Sourdough Breakfasts

When most people think of sourdough, they picture a bread loaf with a crackling crisp crust and moist, tangy interior. But when you play with sourdough, you quickly discover bread is just one of many possible creations—and not necessarily the easiest.

My sourdough adventures began a couple of years ago, when I was gifted an old starter that had been lurking in a refrigerator. It didn’t have the rising power necessary for a loaf of bread; it required strength training. As I noted last week, the process of feeding a starter works like this: Pull out some starter, replace it with flour and water, and then let it work its magic, repeating the process until it readily ferments, bubbles, and grows. But I was loath to throw away weaker starter. Fortunately, a range of low-rise treats grab all the flavor with little effort.
Learn to make Sourdough Pancakes and Sourdough Waffles

Advertisements

Raspberries

Raspberries are probably my favorite fruit; as a kid, I used to walk barefoot in PJs to the berry patch and pick them straight onto my bowl of Cheerios. Strawberries may be a close second. After everyone from my 4-year-old nephew to newlywed friends told me how they gobbled up Chamomile-Scented Strawberry Syrup, which I made using Liana Krissoff’s Canning for a New Generation, I was prepared to put up an even larger batch the next year—only to have the strawberry patch fall short. But raspberries came in with a bumper crop, so I decided to attempt an adaptation. Then while I was prowling online, I found Carey Nershi’s fabulous cocktails at Reclaiming Provincial and knew I needed to start in the oven. The idea of roasting delicate raspberries may seem odd, but that step adds another level of flavor that’s irresistible in syrup, jam, or salad dressing. Learn to make Roasted Raspberry Syrup and Apricot–Raspberry–Mint Jam

Canning My Way

Canning, jarring, putting up—depending on where you live, one of these terms likely comes to mind when you hear someone talk about preserving food. Once the domain of grandmothers with giant gardens and 4-Hers learning home-ec skills, recent years have seen a shift in the people processing at home. Eugenia Bone released Well-Preserved in 2009, sharing recipes developed in her New York apartment and designed to fill two to six jars at a time. Blogger Marisa McClellan launched Food in Jars, and her success and subsequent books helped popularize small-batch canning. Articles on home canning appeared in the Wall Street Journal and New York Times and on NPR, and Slate declared at-home preserving “ridiculously trendy.” Since then, the number of books, blogs, and people canning at home have only grown.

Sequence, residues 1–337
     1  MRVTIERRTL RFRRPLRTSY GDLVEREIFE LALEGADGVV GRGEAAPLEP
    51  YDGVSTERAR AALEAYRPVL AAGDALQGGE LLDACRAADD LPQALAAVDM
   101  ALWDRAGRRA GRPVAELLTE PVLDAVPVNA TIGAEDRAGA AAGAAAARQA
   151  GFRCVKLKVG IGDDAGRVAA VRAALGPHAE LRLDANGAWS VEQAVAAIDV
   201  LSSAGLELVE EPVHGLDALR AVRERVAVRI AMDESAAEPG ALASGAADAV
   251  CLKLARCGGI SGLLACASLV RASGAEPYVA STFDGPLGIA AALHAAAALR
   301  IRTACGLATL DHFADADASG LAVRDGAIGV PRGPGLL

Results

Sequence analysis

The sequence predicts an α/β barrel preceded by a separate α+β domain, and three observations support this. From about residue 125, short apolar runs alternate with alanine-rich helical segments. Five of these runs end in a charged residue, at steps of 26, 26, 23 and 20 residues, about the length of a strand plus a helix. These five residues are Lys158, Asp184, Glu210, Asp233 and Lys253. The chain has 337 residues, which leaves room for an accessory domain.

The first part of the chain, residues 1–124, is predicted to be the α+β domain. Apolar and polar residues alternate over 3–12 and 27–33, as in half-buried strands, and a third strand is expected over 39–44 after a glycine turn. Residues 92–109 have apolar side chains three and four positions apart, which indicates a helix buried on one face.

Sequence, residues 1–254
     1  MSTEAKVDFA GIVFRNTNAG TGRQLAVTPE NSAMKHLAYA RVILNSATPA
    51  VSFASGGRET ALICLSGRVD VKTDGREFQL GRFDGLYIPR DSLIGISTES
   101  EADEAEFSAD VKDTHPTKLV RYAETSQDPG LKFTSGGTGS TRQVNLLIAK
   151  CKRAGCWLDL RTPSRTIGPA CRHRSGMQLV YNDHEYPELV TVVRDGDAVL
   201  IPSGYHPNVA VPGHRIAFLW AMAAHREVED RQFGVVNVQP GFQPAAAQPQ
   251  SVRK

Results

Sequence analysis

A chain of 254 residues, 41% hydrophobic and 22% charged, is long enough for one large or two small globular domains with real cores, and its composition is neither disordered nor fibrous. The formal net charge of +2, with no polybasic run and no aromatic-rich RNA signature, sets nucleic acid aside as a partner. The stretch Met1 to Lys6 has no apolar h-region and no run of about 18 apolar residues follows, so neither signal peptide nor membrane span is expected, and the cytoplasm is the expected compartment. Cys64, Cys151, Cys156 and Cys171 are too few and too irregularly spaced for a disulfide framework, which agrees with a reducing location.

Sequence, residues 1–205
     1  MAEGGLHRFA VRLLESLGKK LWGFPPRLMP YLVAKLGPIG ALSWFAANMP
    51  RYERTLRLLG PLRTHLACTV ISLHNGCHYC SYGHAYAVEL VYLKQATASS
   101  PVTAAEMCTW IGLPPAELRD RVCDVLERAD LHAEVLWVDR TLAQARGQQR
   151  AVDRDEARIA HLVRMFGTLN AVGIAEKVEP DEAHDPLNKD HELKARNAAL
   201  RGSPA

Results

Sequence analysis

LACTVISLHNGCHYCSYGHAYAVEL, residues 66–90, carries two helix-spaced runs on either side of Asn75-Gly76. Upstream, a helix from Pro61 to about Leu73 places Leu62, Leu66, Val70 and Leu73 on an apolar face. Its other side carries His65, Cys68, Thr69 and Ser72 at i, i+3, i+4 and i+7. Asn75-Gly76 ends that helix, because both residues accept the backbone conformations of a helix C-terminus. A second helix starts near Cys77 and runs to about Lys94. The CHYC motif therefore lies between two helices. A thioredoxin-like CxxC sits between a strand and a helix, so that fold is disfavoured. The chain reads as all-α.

I love that a rising interest in eating well year-round has led more people to support farmer’s markets and CSAs, make meals from scratch, and save what’s in season for later use. The appeal of small-batch processing is understandable: Take your leftover fruit or veg and seal it in a couple of jars. The argument is that it’s a quick and easy way to preserve food.

The “couple of jars” part is where I disagree. By the time I prep my canning gear and the food item, heat a kettle of water, make a brine or jam, and finally process the batch, I want to pull the maximum number of jars from that kettle. Instead of going small, I recommend going big—at least big enough to maximize your yield while minimizing your effort and sometimes spreading out the work.
Read more about canning my way

Rhubarb

I grew up in a rhubarb family: large patches growing in my dad’s and grandpa’s gardens, rhubarb pie at Thanksgiving (never diluted with strawberries), and a stash of rhubarb sauce in my mom’s fridge that I put on everything from ice cream to Cheerios. Among the first things I planted when I moved to Montana were rhubarb eyes taken from my dad’s plants; they’ve since spread out into a garden patch that produces all summer long and never bolts—one of the few perks of gardening in the shady woods.

After a winter of playing with various combinations of produce-influenced cocktails that put a splash of summer into the grayest day, I instantly saw “beverage” when I cut my first stalks of rhubarb in spring. The straight rhubarb needed another flavor to balance the bright pink syrup, and I knew from making sorbet that rosemary would add just the right touch in a summer cocktail. Learn to make Rhubarb–Rosemary Syrup and Rhubarb–Orange–Ginger Marmalade